And all their lands restored to them again
That were with him exiled. This to be true,
I do engage my life.
Welcome, young man;JAQUES
Thou offer'st fairly to thy brothers' wedding:
To one his lands withheld, and to the other
A land itself at large, a potent dukedom.
First, in this forest, let us do those ends
That here were well begun and well begot:
And after, every of this happy number
That have endured shrewd days and nights with us
Shall share the good of our returned fortune,
According to the measure of their states.
Meantime, forget this new-fall'n dignity
And fall into our rustic revelry.
Play, music! And you, brides and bridegrooms all,
With measure heap'd in joy, to the measures fall.
Sir, by your patience. If I heard you rightly,JAQUES DE BOYS
The duke hath put on a religious life
And thrown into neglect the pompous court?
To him will I : out of these convertitesDUKE SENIOR
There is much matter to be heard and learn'd.
To DUKE SENIORYou to your former honour I bequeath;
Your patience and your virtue well deserves it:
To ORLANDOYou to a love that your true faith doth merit:
To OLIVERYou to your land and love and great allies:
To SILVIUSYou to a long and well-deserved bed:
To TOUCHSTONEAnd you to wrangling; for thy loving voyage
Is but for two months victuall'd. So, to your pleasures:
I am for other than for dancing measures.
Stay, Jaques, stay.JAQUES
To see no pastime I what you would haveDUKE SENIOR
I'll stay to know at your abandon'd cave.
ExitProceed, proceed: we will begin these rites,ROSALIND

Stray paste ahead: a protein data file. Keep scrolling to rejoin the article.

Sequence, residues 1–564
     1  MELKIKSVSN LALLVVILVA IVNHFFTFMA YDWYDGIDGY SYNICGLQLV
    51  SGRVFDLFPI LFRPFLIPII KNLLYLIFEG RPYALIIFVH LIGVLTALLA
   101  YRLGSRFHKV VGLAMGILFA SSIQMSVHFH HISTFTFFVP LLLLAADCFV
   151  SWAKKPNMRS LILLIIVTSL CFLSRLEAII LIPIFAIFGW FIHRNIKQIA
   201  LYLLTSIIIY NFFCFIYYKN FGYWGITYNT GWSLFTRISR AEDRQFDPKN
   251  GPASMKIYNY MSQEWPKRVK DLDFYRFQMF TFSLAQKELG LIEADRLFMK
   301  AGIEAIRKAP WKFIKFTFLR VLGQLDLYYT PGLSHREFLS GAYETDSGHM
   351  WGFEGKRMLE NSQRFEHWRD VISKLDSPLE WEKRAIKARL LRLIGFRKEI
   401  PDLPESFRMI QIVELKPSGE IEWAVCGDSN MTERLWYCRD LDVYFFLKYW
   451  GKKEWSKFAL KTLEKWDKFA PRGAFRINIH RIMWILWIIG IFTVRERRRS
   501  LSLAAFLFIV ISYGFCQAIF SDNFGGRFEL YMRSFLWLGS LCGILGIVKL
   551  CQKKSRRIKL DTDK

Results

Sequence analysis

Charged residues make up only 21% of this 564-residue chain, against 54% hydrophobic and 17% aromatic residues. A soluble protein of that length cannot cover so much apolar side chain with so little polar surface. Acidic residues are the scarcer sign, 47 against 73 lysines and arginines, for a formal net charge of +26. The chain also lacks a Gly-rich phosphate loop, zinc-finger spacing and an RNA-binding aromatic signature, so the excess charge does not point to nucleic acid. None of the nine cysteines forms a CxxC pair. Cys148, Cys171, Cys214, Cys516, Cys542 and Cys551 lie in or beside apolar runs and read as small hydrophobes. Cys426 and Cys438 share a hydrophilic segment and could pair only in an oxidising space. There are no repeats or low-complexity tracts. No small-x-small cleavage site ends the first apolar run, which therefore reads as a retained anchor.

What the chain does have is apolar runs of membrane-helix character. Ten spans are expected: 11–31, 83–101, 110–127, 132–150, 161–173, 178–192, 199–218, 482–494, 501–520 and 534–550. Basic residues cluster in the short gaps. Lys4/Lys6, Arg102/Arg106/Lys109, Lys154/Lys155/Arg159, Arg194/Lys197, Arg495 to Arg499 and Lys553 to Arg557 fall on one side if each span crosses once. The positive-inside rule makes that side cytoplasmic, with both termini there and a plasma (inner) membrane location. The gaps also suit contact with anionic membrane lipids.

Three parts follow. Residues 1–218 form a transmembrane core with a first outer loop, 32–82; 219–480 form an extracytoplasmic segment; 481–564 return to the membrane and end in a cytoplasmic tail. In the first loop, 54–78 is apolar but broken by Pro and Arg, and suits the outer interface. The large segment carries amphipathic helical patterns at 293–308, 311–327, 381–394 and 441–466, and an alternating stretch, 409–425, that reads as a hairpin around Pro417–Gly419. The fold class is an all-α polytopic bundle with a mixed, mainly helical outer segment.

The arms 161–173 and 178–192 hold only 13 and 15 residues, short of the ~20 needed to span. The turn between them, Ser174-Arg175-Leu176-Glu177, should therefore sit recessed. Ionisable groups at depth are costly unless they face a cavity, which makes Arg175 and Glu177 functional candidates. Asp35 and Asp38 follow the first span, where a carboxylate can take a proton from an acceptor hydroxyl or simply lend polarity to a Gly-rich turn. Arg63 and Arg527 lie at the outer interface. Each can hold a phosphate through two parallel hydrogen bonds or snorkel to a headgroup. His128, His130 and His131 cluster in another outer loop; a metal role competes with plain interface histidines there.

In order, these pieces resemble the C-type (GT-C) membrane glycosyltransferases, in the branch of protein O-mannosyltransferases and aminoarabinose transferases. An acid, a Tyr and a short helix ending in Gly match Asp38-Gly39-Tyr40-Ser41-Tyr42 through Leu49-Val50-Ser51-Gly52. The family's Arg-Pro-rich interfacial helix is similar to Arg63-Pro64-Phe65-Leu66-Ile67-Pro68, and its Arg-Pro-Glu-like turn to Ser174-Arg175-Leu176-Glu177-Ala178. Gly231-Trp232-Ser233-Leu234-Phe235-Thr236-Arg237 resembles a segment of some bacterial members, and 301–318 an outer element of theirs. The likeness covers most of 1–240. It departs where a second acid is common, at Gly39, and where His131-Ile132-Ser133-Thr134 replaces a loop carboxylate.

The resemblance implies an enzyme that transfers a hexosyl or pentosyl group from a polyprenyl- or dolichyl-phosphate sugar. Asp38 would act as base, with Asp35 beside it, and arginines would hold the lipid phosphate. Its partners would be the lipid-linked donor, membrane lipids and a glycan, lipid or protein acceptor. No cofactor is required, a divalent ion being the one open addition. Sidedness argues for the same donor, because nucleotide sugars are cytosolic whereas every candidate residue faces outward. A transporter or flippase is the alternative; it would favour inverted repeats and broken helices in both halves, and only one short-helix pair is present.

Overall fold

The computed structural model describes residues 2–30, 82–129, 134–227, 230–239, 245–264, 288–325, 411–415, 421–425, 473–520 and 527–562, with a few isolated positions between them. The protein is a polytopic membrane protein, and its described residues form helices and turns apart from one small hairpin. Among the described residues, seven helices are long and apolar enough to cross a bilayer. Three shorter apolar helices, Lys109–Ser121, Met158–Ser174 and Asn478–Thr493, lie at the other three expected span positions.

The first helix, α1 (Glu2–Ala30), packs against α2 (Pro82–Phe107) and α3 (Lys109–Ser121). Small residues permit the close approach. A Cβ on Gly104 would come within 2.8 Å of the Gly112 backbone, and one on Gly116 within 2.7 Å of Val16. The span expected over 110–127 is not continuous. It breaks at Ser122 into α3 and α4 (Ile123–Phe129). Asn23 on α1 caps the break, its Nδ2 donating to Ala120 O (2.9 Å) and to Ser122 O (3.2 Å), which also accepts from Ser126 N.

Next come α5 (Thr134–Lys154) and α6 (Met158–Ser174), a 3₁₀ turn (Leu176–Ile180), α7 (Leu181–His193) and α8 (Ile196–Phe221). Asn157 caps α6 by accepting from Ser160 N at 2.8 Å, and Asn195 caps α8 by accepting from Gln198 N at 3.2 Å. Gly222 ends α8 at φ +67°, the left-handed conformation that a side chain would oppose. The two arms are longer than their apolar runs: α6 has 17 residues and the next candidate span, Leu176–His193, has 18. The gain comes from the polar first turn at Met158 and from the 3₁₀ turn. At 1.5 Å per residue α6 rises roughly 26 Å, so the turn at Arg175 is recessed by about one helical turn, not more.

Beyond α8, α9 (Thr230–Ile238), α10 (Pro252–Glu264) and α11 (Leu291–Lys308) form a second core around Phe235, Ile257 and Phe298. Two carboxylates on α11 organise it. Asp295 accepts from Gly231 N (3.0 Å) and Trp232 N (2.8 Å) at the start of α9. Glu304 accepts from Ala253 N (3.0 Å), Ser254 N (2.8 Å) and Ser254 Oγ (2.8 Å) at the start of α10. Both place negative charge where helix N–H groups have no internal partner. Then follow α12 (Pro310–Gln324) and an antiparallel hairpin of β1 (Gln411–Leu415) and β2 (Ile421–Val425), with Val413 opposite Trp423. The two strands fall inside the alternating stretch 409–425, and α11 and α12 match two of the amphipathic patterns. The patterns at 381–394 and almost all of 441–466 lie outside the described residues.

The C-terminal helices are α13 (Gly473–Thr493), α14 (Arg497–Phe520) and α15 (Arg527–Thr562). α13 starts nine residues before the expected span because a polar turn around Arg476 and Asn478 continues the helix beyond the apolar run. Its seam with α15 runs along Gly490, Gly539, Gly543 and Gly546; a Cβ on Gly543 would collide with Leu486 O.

As we do trust they'll end, in true delights.
It is not the fashion to see the lady the epilogue;
but it is no more unhandsome than to see the lord
the prologue. If it be true that good wine needs
no bush, 'tis true that a good play needs no
epilogue; yet to good wine they do use good bushes,
and good plays prove the better by the help of good
epilogues. What a case am I in then, that am
neither a good epilogue nor cannot insinuate with
you in the behalf of a good play! I am not
furnished like a beggar, therefore to beg will not
become me: my way is to conjure you; and I'll begin
with the women. I charge you, O women, for the love
you bear to men, to like as much of this play as
please you: and I charge you, O men, for the love
you bear to women--as I perceive by your simpering,
none of you hates them--that between you and the
women the play may please. If I were a woman I
would kiss as many of you as had beards that pleased
me, complexions that liked me and breaths that I
defied not: and, I am sure, as many as have good
beards or good faces or sweet breaths will, for my
kind offer, when I make curtsy, bid me farewell.